Biogeochemical Cycles

Biogeochemical Cycles

Biogeochemical cycles in the environment are the cyclic pathways in which regular and continuous transition of elements occur from the environment into the organism and from the organism into the environment.

Biosphere is that part of earth which has living organisms. It can be divided into hydrosphere, lithosphere and atmosphere. Hydrosphere includes water bodies, lithosphere is the solid part of the earth i.e., rocks, plains, mountains etc. Atmosphere includes the gases envelop around the hydrosphere and lithosphere.

There is a profound effect of biosphere on living organisms. Lithosphere supplies the minerals and its substratum for its support. Hydrosphere supplies water and atmosphere the gases. As a whole biosphere supplies means of living for living organism. The organisms grow and finally return the mineral or material to the biosphere through respiration, excretion and death. So, there is a cycling of material in the atmosphere.

The chemical elements including all the essential elements of protoplasm i.e., C, H, N, P, S, etc., however tend to circulate in the biosphere in characteristics path from the environment. These paths are generally termed as biogeochemical cycles.

Types of biogeochemical cycles

The biogeochemical cycles are basically of two types; sedimentary cycle and gaseous cycle. In sedimentary cycle main reservoir is soil and sedimentary rocks and other type of rocks. Examples are phosphorus and sulphur cycle. In case of gaseous cycle main reservoir of nutrient is the atmosphere and ocean. Examples are the carbon, nitrogen, hydrogen and oxygen cycles.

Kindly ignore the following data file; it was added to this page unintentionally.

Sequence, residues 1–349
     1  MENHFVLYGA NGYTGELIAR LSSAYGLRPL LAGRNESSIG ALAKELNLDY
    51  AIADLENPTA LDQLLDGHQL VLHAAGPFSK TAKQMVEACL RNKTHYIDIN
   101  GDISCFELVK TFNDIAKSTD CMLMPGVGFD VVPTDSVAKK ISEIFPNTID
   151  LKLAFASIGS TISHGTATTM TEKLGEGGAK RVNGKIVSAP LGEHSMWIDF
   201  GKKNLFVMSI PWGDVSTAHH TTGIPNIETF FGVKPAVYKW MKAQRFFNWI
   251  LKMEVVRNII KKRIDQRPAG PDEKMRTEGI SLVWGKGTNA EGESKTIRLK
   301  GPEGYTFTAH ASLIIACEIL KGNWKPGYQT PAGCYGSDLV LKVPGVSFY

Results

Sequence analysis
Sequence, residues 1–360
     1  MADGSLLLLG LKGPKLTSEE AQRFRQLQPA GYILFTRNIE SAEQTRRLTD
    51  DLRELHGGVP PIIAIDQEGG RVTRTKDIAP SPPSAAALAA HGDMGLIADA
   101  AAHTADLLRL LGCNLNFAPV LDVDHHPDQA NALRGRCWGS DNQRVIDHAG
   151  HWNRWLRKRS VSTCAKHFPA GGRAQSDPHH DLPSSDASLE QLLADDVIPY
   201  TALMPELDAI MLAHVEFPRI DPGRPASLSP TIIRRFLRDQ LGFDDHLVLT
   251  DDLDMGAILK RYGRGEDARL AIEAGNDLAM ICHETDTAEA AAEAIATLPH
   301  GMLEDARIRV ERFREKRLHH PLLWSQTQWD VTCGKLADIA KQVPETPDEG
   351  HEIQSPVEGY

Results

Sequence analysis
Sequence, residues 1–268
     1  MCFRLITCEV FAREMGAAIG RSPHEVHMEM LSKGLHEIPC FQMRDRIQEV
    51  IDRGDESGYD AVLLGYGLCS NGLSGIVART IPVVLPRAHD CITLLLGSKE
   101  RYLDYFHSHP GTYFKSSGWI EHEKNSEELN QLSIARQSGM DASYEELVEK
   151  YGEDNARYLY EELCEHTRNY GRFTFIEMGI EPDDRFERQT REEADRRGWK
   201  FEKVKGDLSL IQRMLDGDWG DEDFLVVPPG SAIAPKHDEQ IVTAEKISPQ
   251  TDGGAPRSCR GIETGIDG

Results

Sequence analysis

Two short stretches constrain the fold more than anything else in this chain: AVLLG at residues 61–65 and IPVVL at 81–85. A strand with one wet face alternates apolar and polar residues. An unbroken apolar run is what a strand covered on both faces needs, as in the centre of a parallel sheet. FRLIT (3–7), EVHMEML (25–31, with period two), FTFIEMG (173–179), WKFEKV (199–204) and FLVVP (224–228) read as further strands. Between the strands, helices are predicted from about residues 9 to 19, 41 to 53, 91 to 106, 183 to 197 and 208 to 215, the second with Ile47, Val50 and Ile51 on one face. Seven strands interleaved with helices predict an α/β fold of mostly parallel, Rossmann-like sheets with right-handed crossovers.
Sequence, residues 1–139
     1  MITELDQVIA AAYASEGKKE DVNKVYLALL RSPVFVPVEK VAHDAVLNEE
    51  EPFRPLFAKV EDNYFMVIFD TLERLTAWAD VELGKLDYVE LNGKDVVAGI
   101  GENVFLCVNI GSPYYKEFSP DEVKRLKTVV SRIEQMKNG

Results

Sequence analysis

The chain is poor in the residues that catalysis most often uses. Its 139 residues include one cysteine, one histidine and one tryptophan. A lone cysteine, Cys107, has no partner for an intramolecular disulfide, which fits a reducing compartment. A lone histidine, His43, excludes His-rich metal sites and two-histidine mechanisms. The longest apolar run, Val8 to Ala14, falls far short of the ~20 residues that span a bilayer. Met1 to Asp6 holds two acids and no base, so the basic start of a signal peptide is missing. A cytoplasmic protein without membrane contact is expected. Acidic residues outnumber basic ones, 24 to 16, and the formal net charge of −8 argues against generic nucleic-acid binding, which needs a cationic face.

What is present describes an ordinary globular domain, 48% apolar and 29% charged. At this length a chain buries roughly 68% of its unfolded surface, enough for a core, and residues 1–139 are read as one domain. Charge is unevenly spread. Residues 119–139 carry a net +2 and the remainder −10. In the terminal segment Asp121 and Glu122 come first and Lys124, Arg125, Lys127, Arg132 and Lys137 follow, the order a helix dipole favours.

Both types involve biotic and abiotic agents. Both are driven by flow of energy and both are tied to hydrological or the water cycle.

About 1% of solar radiation  converts into energy by the process termed as photosynthesis. It is this energy which is responsible for driving the mineral as well as hydrological cycle and for maintaining temperature within a narrow range of tolerance by the protoplasm.

Hydrological cycle

Water determines the distribution, structure and function of organisms in the ecosystem. It is the universal solvent and hence important for cycling of other matter in the ecosystem. Water is essential for working of the macromolecules, solubilisation of chemicals, transport of materials and several chemical reactions. It is also essential for photosynthesis and is a source of hydrogen for photosynthesis in plants.

Plants use large amount of water to maintain their hydrostatic skeleton and to move chemicals about their bodies. Plants take elements in aqueous solution from the soil. The total quantity of water present on earth is estimated to be 266, 070 G (G= Geogram=1020 g). It is distributed as follows:

Rock= 250,000 G, Sedimentary rocks=2,100 G, Oceans=13,800 G

River and lakes= 0.25 G, Polar ice caps= 167 G, water vapour= 0.13 G

Annually some 4.46 G of water, falls as rain, of which more than 75% (i.e., 3.47 G) falls on oceans.  Less than 1 G of rain falls on land, of which very little is stored underground.